This analysis of Connelly’s racism should not be taken as a moral condemnation, only as establishing Connelly’s disinterest in racial issues altogether; he is blissfully unconscious of his own racism, and, like many of his peers, considers African Americans only insofar as their existence affects him. For Connelly, “the Negro” is a color in his palette — the primary color, certainly, but only one element necessary for his masterwork. Therefore, while studies of how The Green Pastures constructs race have a particular value for cultural studies, race is secondary in examining the religion of the film — in fact, it is a distraction. The rhetorical vision of the film intentionally sidesteps any racial issues by creating a world without white characters; this exclusion serves the needs both of Hollywood (which was as squeamish about race as about religion, except insofar as either could be made profitable) and Connelly. Connelly’s vision rests on a paradox: he uses an artificial, white-fantasy “Negro folk religion” to provide a simple, “honest” context for his attempted crafting of a safe religion; but in a racially divided society the race of the characters and actors is a continual, distracting presence that must be alleviated.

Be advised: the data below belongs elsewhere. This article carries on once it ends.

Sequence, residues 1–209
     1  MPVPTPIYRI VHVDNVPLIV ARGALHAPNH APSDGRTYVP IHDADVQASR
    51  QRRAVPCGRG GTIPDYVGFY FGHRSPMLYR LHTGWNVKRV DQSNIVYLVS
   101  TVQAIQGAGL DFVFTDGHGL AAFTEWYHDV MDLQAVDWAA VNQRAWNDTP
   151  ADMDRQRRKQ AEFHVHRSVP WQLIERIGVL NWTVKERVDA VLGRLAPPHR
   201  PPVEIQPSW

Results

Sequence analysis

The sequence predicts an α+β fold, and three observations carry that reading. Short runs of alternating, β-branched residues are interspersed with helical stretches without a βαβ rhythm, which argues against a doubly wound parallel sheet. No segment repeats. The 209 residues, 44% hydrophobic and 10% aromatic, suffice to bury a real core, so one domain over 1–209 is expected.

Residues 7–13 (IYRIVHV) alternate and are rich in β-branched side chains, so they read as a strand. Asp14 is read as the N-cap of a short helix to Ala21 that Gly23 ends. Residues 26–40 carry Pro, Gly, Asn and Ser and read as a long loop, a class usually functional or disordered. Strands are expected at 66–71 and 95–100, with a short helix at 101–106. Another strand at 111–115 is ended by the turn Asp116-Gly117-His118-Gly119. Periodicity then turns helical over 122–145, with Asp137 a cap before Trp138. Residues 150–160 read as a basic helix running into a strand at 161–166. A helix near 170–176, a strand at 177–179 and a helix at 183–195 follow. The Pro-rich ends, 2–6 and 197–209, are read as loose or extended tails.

Connelly’s God is exemplified in the brief but powerful scene in which he confronts Cain after the murder of Abel. Nolan astutely realizes that “Connelly’s God is, of course, not the author of evil. He is, however, it should be noted, not the final judge either; indeed he finally concludes that he has no responsibility for man.”8 Connelly ignores the original biblical motivation — Cain’s jealousy over Abel’s sacrifice — and instead presents a childish sibling conflict. Cain relates, “Lawd, I was min’in’ my own business. Wukkin’ in de fiel’. He was sittin’ in de shade of de tree. He say, ‘Me, I’d be skeered to git out in dis hot sun. I be ‘fraid my brains git cooked. Co’se you ain’t got no brains so you ain’ in no danger.’ An’ so I up an flang de rock. If I miss ‘im all right — if I hit ‘im all right. Dat’s de way I feel.” In the scene as filmed, Cain is near hysterical — the murder is a crime of passion and frustration, as much an accident as an act of malice — and he makes no effort, as in Genesis, to hide his crime. He is, in fact, distraught at what he has done. In Connelly’s stage play, De Lawd tells Cain, “Well, I ain’t sayin’ you right an’ I ain’t sayin’ you wrong,” a position Ford condemns as too “wishy-washy” for a Negro conception of God.9 The film removes the line but not the ambivalence. De Lawd is not wishy-washy but removed, a characteristic heightened by the directorial choice to show De Lawd and Cain exclusively in one-shots after an establishing shot that shows De Lawd looking down at Abel’s body with an almost clinical detachment. Rather than a stark condemnation, God says coolly “From now on dat’s called a crime” and instructs Cain “I say git yo’self down de road an’ far away. An’ you better git married an’ settle down an’ raise some chillun. Dey ain’t nothin’ to make a man fo’git his troubles like raisin’ a fam’ly.” In this brief exchange, we see a God who listens to a sinner’s explanation and forgives sin surprisingly easily, simply because he is removed and kind. God seems more concerned with Cain’s mental state than with punishment, or even justice: “Dey ain’t nothin’ to make a man fo’git his troubles like raisin’ a fam’ly.” That easy forgiveness, and with it a protection of the status quo (reinforcing an attitude toward family conventional in white middle-class American life), is precisely what Connelly seems intent on finding. De Lawd may look terrible, thanks to the lighting, but his words betray him.